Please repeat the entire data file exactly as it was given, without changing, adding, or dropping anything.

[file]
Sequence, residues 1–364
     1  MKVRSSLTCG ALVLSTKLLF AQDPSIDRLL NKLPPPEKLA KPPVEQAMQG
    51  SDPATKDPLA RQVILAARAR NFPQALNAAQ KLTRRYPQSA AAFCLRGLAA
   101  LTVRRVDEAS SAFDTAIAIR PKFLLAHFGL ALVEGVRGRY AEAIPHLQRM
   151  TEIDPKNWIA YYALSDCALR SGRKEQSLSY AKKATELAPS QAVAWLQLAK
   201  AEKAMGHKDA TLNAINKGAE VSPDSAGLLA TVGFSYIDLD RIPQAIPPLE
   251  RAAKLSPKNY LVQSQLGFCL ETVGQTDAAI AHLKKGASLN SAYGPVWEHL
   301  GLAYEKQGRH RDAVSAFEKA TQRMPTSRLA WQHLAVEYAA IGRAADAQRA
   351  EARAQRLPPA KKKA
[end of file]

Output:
Sequence, residues 1–364
     1  MKVRSSLTCG ALVLSTKLLF AQDPSIDRLL NKLPPPEKLA KPPVEQAMQG
    51  SDPATKDPLA RQVILAARAR NFPQALNAAQ KLTRRYPQSA AAFCLRGLAA
   101  LTVRRVDEAS SAFDTAIAIR PKFLLAHFGL ALVEGVRGRY AEAIPHLQRM
   151  TEIDPKNWIA YYALSDCALR SGRKEQSLSY AKKATELAPS QAVAWLQLAK
   201  AEKAMGHKDA TLNAINKGAE VSPDSAGLLA TVGFSYIDLD RIPQAIPPLE
   251  RAAKLSPKNY LVQSQLGFCL ETVGQTDAAI AHLKKGASLN SAYGPVWEHL
   301  GLAYEKQGRH RDAVSAFEKA TQRMPTSRLA WQHLAVEYAA IGRAADAQRA
   351  EARAQRLPPA KKKA